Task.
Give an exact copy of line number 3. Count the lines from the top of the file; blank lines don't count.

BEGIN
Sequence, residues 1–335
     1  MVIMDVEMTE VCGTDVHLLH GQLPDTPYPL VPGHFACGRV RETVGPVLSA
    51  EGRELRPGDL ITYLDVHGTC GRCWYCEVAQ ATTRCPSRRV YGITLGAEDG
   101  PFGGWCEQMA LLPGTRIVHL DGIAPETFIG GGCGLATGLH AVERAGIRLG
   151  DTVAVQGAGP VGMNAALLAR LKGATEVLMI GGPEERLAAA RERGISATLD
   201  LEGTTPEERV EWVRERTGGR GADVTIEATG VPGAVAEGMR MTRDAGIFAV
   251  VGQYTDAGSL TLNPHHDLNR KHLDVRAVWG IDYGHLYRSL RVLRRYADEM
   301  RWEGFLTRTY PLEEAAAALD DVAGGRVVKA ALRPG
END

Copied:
    51  EGRELRPGDL ITYLDVHGTC GRCWYCEVAQ ATTRCPSRRV YGITLGAEDG